Tag Archives: Brasschaat

Fort Kapellen

Description – The fort of Kapellen is located near Kapellen guarding the railroad connecting Antwerp to Rosendaal. It is a small concrete fort.

Construction & Armament – The fort was made out of unarmed concrete and construction commenced in 1893 and. In 1897 the fort was considered completed but installing armaments took until 1900. Being a fort of the Hoofdweerstandstelling it features a smaller number of artillery cupolas than the full fledged forts nearby. It is surrounded by a wet moat.

Armament – Fort Kapellen

  • ?x 150mm fortress gun
  • ?x 120mm fortress gun
  • ?x 57mm

Commander 1914 – ?

Current condition – The fort did not see any action 1914 and it was disabled by the garrisson when they retreated to the Netherlands. The fort was refitted during the interbellum. Today it is part of the army base of Brasschaat and a tank museum is located nearby. The fort is in quite bad condition since the moat has been filled on one part, the main building served as a practice shooting range. Some windows are bricked up. The site is off limits to visitors, a tour might be possible upon request. The fort cannot be accessed using the main entrance since a canine training association is located on this premises. A railway junction leading to the Polygon of Brasschaat runs next to the fort.

Sources – Own elaboration; Gils, R.

Fort Brasschaat

Description – The fort of Brasschaat is a concrete (armored) fort of the second order with attached reverse caponnieres. It is part of the hoofdweerstandstelling and is located in the eastern corner of the Antwerp defensive positions. The fort has the same design as Fort Kessel. To the east one finds the Fort of Kapelles and the redoubt of Dryhoek to the southwest.

Construction & Armament – The fort was made out of unarmed concrete and construction commenced in 1906. In 1914 it was considered to be completed. Its design is similar to Fort Kessel and differences are only found in details. Being a fort of the Hoofdweerstandstelling it features a smaller number of artillery cupolas than first order designs. It has an attached reverse caponnieres and a back/rear caponniere to defend the intervals between forts. It is surrounded by a wet moat, later an anti-tank ditch was constructed. To the northeast one finds the Brasschaat Polygon military site and base.

Armament – Fort Second Order

  • 2x 150mm fortress gun
  • 6x 120mm fortress gun
  • 8x 75mm
  • 18x 57mm

Commander 1914 – ?

Current condition – The Fort of Brasschaat did not see any action during the siege of 1914. The garrisson evacuated the fort and retreated to The Netherlands. In 1917 it became part of the German Hollandstellung (nord). It was refitted during the interbellum and a anti-tank ditch was constructed, some locks are located nearby. After the Second World War the fort was decomissioned although it remaind a military site. The Belgian Army conducted explosives practice on the fort; the left wing of the fort has been partly destroyed. The fort is in average condition but is off limits to visitors.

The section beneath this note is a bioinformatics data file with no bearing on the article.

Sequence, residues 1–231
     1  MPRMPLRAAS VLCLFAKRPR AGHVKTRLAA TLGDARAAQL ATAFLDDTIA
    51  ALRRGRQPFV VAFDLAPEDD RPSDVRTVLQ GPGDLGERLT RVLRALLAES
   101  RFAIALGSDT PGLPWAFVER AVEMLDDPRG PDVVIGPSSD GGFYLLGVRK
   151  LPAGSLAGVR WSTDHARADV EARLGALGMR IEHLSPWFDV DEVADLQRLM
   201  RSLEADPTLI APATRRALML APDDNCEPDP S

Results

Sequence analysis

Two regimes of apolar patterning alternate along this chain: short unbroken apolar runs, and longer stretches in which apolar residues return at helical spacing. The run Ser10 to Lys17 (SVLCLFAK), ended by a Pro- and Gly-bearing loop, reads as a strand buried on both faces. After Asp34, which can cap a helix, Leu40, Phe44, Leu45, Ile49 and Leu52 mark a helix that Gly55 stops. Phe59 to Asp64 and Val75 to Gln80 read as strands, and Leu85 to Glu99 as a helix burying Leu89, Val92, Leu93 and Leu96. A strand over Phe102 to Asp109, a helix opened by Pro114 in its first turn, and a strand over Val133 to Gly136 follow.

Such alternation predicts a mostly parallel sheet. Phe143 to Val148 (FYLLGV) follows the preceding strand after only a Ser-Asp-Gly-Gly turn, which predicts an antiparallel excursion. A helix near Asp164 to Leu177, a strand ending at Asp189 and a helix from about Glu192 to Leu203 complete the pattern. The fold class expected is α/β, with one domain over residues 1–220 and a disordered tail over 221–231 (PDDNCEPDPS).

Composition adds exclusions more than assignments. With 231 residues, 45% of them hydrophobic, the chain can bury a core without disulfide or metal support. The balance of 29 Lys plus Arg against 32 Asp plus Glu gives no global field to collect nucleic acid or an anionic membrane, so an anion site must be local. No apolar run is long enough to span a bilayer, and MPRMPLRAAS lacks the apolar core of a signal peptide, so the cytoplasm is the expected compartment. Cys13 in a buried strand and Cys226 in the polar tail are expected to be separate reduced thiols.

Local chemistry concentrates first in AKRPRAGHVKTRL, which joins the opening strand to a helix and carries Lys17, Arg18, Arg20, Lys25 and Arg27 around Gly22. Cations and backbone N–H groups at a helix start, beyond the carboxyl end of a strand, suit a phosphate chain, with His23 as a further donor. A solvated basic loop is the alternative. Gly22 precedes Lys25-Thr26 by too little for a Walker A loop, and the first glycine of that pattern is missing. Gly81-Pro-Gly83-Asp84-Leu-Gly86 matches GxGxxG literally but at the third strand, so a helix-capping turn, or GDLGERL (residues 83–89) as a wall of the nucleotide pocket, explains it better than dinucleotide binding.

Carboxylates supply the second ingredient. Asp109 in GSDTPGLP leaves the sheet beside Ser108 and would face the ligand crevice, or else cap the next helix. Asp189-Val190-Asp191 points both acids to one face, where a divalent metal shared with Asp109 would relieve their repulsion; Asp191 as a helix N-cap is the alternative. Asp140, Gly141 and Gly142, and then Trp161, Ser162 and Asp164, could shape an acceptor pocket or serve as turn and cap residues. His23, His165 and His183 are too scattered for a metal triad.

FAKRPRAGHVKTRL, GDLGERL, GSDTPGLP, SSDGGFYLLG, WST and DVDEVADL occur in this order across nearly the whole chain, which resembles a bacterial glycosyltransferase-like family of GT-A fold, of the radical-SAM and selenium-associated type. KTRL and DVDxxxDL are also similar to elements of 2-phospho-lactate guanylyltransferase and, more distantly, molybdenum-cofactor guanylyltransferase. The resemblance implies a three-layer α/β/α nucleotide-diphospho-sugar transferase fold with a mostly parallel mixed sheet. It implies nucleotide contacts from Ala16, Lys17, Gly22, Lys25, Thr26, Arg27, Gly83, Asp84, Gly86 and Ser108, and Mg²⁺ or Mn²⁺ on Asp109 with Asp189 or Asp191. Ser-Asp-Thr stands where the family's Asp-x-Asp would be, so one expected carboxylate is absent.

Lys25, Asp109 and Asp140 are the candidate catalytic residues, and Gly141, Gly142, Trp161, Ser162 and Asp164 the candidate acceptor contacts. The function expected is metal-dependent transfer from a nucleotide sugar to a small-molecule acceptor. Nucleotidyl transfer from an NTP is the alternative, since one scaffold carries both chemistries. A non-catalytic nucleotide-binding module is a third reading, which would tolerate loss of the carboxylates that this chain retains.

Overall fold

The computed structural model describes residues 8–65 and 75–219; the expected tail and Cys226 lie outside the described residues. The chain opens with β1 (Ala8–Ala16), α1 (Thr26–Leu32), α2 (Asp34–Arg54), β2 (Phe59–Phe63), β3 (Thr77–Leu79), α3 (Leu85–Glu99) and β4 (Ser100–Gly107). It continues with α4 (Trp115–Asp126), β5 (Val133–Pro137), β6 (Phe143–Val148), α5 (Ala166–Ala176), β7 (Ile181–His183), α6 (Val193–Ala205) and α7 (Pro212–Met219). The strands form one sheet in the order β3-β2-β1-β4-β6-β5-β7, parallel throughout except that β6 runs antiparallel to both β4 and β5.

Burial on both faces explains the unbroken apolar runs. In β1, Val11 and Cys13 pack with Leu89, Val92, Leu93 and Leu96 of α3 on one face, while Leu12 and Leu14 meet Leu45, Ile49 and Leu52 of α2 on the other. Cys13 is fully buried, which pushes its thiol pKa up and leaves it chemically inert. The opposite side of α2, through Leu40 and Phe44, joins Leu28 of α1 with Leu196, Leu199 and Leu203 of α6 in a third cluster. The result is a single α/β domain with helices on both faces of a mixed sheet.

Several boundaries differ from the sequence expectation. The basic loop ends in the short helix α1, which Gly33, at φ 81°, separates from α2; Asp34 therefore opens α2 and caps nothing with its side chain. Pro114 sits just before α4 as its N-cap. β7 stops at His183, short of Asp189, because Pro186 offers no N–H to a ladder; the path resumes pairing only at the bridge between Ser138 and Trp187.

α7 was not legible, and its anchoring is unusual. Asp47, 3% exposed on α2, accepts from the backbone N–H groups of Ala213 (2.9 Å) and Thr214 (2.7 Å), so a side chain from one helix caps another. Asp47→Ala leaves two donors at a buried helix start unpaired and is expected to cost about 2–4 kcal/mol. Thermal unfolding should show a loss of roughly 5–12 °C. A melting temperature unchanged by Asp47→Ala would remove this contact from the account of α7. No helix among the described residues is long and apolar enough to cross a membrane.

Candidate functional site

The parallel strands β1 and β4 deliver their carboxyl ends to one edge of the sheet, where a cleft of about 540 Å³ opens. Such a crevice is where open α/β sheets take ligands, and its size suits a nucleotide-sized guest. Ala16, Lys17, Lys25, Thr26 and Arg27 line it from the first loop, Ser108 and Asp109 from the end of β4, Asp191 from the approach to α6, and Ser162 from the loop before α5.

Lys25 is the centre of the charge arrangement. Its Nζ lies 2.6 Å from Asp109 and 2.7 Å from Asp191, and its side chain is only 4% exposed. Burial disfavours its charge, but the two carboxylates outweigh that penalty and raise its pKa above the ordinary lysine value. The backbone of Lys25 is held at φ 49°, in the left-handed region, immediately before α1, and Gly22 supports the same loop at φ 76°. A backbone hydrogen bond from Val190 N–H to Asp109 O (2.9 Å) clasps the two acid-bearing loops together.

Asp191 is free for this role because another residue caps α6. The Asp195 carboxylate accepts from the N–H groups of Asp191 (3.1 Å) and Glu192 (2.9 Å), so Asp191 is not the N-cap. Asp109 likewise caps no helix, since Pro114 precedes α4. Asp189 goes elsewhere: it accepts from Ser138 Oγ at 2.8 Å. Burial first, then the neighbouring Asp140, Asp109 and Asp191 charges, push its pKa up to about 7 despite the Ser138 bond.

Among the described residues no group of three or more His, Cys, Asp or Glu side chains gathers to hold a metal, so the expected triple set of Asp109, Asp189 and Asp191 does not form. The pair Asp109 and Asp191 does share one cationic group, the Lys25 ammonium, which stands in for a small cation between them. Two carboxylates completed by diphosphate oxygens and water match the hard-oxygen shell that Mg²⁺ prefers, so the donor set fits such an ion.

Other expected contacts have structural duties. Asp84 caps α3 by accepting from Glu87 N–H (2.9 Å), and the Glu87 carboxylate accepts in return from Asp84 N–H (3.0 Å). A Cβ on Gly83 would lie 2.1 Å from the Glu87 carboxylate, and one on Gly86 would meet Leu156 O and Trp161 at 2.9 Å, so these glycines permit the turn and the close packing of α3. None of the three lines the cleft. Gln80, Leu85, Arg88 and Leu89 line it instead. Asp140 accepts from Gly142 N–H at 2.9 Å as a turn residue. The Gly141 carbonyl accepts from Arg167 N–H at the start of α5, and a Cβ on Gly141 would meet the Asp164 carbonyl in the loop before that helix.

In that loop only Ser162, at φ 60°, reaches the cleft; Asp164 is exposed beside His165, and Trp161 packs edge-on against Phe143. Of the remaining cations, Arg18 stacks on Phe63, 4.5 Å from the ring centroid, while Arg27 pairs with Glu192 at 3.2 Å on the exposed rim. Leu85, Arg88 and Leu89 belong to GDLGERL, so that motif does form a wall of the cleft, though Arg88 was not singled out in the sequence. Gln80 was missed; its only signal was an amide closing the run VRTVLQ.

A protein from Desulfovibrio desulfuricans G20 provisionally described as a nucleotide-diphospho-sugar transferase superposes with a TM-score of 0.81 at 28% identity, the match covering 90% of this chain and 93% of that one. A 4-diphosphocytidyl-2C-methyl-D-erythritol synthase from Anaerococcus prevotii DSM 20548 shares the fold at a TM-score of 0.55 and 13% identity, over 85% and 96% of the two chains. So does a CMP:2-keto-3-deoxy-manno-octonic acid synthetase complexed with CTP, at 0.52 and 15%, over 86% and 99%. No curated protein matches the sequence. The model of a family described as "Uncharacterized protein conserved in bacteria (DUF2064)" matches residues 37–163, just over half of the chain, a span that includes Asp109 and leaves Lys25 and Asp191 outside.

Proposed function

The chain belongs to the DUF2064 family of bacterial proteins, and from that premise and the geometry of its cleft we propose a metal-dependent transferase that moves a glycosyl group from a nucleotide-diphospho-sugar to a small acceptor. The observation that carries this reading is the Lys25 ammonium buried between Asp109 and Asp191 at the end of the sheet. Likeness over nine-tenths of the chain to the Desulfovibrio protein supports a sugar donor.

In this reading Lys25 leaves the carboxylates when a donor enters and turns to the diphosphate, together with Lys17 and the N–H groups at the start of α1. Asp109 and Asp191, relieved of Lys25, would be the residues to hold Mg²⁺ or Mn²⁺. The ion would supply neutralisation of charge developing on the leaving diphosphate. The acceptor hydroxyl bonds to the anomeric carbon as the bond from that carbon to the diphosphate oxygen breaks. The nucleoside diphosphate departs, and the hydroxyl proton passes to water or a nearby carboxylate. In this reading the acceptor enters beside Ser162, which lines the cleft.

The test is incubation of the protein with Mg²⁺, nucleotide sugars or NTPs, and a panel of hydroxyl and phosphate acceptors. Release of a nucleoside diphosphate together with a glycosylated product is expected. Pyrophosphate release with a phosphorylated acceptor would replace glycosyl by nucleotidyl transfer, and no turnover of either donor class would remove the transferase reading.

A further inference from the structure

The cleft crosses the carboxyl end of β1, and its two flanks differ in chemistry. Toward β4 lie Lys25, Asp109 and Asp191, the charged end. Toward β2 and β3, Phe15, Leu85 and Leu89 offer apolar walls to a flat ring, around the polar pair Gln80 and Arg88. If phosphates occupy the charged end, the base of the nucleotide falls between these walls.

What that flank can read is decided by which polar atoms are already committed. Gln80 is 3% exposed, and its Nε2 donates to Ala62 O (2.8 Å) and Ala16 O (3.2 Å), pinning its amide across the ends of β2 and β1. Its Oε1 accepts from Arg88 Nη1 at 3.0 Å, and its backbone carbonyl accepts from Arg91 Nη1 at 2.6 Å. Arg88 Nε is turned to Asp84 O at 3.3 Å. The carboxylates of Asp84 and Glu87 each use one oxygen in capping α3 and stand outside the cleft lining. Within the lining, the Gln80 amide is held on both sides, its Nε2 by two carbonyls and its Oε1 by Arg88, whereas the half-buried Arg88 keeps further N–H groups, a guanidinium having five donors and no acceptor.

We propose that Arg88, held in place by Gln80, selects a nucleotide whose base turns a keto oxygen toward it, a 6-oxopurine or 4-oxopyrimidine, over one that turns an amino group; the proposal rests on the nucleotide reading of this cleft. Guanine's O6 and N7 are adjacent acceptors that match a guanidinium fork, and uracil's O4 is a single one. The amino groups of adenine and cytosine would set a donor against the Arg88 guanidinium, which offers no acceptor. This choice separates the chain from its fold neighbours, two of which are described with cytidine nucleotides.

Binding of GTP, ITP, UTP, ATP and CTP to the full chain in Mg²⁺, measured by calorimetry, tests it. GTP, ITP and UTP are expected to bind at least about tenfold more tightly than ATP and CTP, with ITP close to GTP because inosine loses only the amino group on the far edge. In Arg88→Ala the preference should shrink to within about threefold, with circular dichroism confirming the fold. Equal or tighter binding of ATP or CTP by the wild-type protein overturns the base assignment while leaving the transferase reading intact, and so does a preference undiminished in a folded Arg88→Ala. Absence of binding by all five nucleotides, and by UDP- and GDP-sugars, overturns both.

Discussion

Sources – Own elaboration; Gils, R.

Redoubt Dryhoek

Description – The redoubt of Dryhoek was built between Fort Brasschaat and Fort Schoten. Named for the Dryhoek (Driehoek) commune it secured the road to Breda (Bredabaan) and is a standard redoubt of the hoofdweerstandstelling. It did not see any action during the Great War as it was lost to German forces on 9th of October (and possibly partly rendered useless) by the retreating garisson. Later it was incorporated in the 1917 Hollandstellung.

Construction & Armament – This concrete redoubt was constructed between 1909 and 1912. It is considered to be standard redoubt featuring artillery and secured the interval between two adjacent forts. The redoubt featured a wet moat and during war time the garrison entailed units from Fort Brasschaat or Fort Schoten.  One cupola was built in front of the redoubt: it had one 75mm gun installed. It was part of the hoofdweerstandstelling.

Armament – Hoofdweerstandstelling Redoubt

  • 4x 120mm fortress gun
  • 5x 75mm fortress gun

Current condition – The redoubt of Dryhoek did not see any action in 1914 but it was probably evacuated on 8th of October. Records show that it might have been partly destroyed. In 1917 it became part of the Hollandstellung of the German Army since they feared an allied invasion from The Netherlands. During the interbellum it did not receive a connection to the anti-tank ditch located more to the northeast. It is not know if the redoubt was refitted with bunkers (pillboxes) since the location of the anti-tank ditch is quite a distance to the northeast. After the Second World War is became private property; today club Dixies (Dicies Nouveau) is located in the redoubt. An extra level has been added to the existing two stories redoubt layout.

Sources – Own elaboration; Gils, R.